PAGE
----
What we need now — and what the Fed could supply, says Krugman — is a bit more inflation. This would spur growth and job creation, he argues. The Fed now strives to keep inflation around 2 percent annually, a low level that it views as reassuring the public. Krugman wants the Fed to raise its target range to 3 to 4 percent for five years.I’m for anything we can go to get our currently anemic aggregate demand to increase. But note that at current market rates for 10-year government bonds – nominal being just under 2% and real being around a negative quarter percent – we have already passed this 2% inflation target at least for now. OK, telling markets we will tolerate 3% inflation for the next 5 years could further reduce real borrowing costs even as short-term nominal rates hover around zero. I think, however, that James Hamilton has a point here:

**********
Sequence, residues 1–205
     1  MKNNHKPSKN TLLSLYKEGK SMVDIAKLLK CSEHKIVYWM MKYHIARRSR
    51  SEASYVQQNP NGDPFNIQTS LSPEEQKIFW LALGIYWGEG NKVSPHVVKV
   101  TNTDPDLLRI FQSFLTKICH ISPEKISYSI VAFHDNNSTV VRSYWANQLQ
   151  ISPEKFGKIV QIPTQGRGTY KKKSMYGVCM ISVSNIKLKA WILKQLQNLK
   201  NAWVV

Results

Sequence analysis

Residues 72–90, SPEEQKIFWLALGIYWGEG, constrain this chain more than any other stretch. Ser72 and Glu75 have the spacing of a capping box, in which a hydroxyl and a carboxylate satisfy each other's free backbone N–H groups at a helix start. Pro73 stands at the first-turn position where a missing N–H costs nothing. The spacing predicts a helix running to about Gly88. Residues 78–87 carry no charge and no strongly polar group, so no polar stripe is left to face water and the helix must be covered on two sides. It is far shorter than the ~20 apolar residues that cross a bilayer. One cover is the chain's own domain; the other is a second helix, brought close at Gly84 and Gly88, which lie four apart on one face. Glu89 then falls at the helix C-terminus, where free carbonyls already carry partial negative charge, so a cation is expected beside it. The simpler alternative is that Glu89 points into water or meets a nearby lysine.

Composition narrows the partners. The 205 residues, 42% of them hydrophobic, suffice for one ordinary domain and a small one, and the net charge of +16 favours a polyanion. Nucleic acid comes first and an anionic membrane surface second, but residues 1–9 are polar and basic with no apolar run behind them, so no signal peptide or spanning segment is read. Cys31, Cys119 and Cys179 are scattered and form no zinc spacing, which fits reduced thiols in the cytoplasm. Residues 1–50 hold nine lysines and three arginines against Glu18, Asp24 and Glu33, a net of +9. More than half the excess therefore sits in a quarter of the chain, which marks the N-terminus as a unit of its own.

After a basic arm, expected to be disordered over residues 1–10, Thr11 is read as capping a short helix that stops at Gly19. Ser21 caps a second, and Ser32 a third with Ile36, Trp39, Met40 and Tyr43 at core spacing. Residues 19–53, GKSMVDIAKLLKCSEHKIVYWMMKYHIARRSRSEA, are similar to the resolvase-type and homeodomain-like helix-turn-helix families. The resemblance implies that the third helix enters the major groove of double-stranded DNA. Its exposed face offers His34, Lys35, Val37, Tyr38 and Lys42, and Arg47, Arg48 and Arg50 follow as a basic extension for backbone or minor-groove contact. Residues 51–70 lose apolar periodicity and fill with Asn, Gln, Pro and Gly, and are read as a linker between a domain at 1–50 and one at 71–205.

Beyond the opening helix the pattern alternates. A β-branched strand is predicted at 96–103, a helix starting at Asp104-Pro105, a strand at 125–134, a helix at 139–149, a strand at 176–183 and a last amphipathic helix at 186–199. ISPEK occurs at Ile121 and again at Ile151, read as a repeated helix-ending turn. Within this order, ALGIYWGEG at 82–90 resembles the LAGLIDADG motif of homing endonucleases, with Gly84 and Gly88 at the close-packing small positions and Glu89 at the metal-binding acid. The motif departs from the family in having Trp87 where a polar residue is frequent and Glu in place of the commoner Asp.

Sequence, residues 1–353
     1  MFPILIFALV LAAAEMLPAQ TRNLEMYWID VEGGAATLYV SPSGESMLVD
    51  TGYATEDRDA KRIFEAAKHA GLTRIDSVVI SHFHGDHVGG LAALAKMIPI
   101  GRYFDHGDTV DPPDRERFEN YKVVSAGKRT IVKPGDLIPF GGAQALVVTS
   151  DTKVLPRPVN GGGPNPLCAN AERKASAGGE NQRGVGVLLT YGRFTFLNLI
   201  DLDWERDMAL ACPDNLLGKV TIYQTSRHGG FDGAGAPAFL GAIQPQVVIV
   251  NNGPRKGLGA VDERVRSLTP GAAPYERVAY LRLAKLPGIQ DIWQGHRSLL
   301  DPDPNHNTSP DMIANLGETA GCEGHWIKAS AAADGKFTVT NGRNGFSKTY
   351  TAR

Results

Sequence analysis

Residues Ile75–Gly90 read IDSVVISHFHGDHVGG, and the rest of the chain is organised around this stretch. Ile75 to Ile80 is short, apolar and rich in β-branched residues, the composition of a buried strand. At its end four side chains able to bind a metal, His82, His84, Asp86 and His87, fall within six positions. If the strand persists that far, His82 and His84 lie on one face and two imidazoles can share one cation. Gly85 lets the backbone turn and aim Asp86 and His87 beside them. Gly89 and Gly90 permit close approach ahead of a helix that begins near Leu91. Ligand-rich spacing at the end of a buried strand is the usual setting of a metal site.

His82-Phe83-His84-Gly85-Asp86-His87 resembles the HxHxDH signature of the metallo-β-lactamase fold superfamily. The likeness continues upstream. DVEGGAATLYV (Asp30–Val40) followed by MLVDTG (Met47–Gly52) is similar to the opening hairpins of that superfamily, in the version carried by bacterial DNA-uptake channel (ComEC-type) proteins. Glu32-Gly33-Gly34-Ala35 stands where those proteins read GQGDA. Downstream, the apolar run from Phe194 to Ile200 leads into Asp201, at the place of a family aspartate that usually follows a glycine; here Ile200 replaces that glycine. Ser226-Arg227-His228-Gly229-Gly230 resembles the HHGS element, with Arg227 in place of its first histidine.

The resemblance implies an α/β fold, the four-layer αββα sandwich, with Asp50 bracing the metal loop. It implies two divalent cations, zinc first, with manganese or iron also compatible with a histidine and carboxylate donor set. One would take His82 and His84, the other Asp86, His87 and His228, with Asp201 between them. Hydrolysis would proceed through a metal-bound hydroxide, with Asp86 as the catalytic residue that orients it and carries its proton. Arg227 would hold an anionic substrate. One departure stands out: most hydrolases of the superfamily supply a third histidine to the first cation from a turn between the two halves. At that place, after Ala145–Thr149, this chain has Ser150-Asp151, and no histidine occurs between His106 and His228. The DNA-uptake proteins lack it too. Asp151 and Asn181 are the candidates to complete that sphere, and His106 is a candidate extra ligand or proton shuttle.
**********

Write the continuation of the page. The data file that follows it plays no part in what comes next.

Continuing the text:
I pointed out that the direct stimulative effects of a debt maturity swap were decidedly minor. The conclusion I draw from these two observations is that we might have to push on this lever extremely hard to get anything accomplished, and that pushing on the lever is not without its own dangers. My position is therefore that the Fed is correct in viewing this particular tool as one that should be used with caution.Even if the Federal Reserve could further reduce real interest rates to 1% by letting expected inflation be 3%, how much extra private demand will this really create? This type of liquidity trap where national savings at full employment greatly outstrips private investment even at negative real interest rates calls for an outward shift of the IS curve more than a movement along the current IS curve. Of course, a more expansionary fiscal policy is clearly called for – an issue where both Bernanke and Krugman have agreed repeatedly. Alas, some powerful members of Congress choose not to listen.